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The Indian Adventure: Anywhere There Could Be Poo or Wee, There Is Both Poo And Wee

Kochi’s Beach

I’ve struggled throughout this experience to find the words for what I feel about India, and mostly failed. Even in the personal journal I kept, my prose is flatter and lamer than usual. Sparse, too. My usual sense of humor while traveling basically doesn’t exist within those pages, but came to life a bit the other day when my boyfriend and I were speculating about what titles I should use for this post.

“I Hate India” – too far, though in 41 C heat in Varanasi it felt true

“Notes on Why I Hate India” – More like a travel blog, but that “Notes on ______” construction is so overused and empty

“Everything and Nothing All At Once” – too esoteric

“I’m Sick of Scarves: Why India and I Don’t Get Along” – a top contender, based on my sweltering in modest clothing for the past two months

Elephanta Caves, Mumbai

Elephanta Caves, Mumbai

“Hail India, Full of Human” – I’ll explain further in a moment

“I Like the Cushy Touristy Stuff, Damn Me”

And my personal favorite, coined by The Russ-

“Incredibull India”

The title I settled on is true, and how people wander about barefoot or in sandals almost exclusively in India makes zero sense to me.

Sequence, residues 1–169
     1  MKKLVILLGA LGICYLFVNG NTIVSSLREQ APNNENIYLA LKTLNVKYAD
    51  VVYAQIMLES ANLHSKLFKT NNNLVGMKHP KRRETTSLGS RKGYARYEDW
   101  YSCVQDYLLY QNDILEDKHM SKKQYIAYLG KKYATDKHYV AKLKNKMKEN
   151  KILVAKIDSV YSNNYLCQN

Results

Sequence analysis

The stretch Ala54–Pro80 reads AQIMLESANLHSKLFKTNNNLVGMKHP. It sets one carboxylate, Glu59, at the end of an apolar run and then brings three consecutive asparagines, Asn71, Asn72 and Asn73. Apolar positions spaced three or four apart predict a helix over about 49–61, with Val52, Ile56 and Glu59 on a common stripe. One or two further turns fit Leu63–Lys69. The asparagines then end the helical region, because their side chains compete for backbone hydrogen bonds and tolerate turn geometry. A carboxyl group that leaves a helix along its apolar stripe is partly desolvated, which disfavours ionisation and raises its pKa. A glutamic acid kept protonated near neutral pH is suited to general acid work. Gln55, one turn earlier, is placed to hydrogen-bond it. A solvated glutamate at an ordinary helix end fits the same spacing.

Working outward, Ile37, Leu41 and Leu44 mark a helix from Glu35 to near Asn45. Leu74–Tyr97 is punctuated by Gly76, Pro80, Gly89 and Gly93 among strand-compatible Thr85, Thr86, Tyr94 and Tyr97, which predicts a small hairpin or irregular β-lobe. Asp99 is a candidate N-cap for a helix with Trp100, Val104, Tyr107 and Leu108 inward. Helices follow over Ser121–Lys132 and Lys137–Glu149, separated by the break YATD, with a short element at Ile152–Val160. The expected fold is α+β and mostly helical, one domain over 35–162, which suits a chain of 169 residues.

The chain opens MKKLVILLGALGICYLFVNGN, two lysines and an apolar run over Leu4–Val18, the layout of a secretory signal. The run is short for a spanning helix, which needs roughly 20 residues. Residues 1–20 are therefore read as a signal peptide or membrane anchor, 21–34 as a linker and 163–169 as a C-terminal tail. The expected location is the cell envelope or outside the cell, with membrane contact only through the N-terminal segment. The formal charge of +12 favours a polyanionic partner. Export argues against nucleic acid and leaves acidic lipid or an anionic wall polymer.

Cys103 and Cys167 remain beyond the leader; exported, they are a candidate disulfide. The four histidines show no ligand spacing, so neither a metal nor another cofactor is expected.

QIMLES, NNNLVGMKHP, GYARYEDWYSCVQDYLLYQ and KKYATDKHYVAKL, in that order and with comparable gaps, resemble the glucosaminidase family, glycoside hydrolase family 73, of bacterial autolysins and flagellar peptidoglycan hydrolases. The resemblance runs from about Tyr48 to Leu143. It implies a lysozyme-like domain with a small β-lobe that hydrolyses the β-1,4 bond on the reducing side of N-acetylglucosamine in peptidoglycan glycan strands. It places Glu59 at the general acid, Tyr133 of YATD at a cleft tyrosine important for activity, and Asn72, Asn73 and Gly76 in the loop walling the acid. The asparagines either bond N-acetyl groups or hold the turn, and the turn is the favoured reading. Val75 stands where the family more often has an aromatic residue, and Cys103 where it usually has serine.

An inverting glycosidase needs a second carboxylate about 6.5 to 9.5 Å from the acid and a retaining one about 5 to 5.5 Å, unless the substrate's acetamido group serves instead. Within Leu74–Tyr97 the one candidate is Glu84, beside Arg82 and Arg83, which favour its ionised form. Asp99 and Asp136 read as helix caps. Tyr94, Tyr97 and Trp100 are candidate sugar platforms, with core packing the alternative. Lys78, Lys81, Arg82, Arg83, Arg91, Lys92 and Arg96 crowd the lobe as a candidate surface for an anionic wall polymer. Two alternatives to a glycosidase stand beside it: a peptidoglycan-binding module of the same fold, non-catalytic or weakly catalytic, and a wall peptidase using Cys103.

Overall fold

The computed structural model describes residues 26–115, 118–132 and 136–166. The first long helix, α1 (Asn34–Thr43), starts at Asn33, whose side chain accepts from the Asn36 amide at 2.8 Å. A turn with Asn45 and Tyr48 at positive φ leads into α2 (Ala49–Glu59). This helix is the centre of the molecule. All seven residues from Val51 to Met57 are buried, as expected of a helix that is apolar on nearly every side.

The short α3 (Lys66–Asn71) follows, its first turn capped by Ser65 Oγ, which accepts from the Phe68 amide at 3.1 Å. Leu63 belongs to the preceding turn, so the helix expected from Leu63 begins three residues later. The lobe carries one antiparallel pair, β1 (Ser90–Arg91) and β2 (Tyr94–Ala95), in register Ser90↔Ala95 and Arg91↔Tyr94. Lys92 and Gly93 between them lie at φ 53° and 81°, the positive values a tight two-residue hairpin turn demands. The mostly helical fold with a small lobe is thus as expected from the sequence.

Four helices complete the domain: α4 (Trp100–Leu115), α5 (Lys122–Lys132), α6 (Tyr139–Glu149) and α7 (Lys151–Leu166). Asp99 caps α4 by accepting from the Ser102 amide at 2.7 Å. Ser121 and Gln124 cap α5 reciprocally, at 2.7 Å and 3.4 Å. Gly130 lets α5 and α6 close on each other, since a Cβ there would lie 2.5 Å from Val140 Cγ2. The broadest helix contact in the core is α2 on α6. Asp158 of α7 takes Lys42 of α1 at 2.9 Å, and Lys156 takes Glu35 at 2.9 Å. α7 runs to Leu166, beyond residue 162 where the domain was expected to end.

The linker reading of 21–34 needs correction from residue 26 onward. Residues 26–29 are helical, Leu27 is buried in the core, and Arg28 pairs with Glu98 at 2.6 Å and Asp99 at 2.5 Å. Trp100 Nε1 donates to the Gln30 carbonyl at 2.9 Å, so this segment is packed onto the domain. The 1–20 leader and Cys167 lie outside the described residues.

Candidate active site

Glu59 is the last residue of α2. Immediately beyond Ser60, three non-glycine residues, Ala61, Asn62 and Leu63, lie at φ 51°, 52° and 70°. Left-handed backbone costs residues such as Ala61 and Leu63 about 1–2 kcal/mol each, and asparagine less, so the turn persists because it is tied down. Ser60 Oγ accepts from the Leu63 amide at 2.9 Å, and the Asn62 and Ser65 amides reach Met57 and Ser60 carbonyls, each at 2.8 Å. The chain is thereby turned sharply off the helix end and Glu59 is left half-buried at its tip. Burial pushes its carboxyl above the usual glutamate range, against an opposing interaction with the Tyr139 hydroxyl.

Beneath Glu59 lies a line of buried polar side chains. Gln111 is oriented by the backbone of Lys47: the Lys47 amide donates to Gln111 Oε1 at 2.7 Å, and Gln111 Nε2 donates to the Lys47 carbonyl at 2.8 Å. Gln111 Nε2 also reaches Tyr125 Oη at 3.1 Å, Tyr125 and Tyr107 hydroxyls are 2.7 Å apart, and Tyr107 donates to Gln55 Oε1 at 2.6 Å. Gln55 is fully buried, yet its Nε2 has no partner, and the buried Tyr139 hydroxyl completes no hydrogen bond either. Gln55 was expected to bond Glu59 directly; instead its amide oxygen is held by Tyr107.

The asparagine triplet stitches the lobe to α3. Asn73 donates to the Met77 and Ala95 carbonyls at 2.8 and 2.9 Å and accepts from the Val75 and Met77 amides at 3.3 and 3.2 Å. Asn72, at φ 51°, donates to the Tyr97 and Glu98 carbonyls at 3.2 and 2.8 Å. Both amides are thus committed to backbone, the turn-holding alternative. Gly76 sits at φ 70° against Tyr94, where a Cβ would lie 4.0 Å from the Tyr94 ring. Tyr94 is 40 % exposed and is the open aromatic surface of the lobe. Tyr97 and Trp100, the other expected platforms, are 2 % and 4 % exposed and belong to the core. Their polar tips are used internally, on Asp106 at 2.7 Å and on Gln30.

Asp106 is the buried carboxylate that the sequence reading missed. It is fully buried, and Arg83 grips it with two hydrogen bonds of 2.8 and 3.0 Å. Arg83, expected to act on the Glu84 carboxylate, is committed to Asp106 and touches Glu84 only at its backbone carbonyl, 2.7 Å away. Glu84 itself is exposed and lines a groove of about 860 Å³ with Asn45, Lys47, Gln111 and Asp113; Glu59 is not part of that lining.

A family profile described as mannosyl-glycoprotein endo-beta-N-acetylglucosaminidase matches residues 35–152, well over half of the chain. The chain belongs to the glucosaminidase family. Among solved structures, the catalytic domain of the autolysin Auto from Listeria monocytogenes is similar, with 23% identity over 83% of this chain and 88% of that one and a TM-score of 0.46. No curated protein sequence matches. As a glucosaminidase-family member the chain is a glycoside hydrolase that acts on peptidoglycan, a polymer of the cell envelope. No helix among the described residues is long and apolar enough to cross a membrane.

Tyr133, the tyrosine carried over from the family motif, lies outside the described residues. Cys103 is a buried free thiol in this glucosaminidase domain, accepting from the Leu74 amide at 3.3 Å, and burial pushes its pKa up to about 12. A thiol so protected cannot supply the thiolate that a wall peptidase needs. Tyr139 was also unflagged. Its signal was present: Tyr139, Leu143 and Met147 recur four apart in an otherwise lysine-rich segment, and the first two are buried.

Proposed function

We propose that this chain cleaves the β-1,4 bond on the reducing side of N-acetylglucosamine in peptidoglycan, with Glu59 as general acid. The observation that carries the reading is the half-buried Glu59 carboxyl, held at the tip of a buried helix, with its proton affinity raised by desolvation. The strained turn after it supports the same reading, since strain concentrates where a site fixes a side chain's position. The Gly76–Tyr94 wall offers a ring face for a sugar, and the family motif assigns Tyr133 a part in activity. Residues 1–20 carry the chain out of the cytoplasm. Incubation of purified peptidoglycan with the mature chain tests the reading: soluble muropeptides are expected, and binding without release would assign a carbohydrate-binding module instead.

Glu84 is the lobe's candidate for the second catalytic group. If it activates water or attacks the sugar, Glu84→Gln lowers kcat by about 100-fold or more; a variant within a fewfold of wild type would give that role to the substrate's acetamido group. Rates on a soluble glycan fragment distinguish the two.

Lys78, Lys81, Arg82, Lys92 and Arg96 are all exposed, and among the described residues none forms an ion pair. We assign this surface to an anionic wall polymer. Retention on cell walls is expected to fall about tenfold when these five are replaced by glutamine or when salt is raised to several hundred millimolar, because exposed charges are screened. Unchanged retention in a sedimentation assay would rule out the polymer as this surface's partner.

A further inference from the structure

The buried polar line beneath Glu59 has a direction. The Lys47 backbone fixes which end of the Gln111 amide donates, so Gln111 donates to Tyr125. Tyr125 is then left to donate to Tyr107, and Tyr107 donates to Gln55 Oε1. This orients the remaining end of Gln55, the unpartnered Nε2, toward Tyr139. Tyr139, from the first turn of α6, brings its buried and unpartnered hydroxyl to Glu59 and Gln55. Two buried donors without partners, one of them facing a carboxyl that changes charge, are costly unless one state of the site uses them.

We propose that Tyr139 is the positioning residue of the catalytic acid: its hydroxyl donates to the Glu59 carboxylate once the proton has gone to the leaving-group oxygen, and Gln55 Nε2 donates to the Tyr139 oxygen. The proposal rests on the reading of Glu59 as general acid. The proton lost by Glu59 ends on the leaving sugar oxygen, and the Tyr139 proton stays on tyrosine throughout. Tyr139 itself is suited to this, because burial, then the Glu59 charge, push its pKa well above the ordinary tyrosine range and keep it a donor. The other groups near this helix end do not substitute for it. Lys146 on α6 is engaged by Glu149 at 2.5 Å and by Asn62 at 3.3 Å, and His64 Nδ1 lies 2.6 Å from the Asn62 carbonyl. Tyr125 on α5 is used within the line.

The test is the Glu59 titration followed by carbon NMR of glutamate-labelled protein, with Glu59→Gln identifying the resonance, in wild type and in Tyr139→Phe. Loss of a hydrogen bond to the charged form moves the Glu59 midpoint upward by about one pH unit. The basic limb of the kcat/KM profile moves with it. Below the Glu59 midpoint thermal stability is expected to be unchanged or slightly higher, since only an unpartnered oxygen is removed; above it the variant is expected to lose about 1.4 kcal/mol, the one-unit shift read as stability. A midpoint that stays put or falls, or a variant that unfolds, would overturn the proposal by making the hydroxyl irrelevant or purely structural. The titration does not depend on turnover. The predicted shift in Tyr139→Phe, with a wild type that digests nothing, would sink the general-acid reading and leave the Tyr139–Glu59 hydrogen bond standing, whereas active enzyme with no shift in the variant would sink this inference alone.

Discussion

There it is, folks. I don’t like India. I’ve struggled from almost day one on this trip to accept my dislike and allow it to be a valid experience.

Many people come to India and have a life-changing trip. They find religion, they find a culture that suits them, they love the food, the clothing, the movies, the yoga, the music, the “healing crystals,” the language and the sights. There are countless documentaries about India and its culture that play almost nonstop on the National Geographic Channel and others, and endless books about traveling in this country and having it be magical and transformative (Eat, Pray, Love is only the most famous amongst them, and in my opinion the most boring). India is one of the few places that nearly everyone knows, and that nearly everyone seems to believe is a great place to visit. Their tourism advertisements certainly help, spouting the “Incredible India” slogan plastered all over buses and cars and hotels here. It’s a traveling life goal, for me and many others.

Old Goa

Old Goa

And I just don’t like it.

In the attempt to color in why I dislike India and fill out that somewhat scary declaration, I’m pulling quotes from my journals over the last two months. This will not be my only post about India, not by a long shot. But it needs to be first in order to give background for the stories yet to come (how my possession of a vagina prevented me from drinking a beer on International Women’s Day, how to stretch 600km into 21hours, an accidental swim with the dead, and more).

Fort Cochin

Fort Cochin

India has stripped me of my expressive capacity, and I need this as catharsis. I intend to get out of the way and hope that something coherent emerges from the words below. Given that they are about India, I don’t hold out much hope.

“Mumbai is waking up to a shitty marching band. It’s a chocolate croissant. It’s “Ladies Only” security lines. It’s metal detectors, even those impossibly placed at the stations. It’s vibrant and loud and scary and beautiful.” – 24 February, Mumbai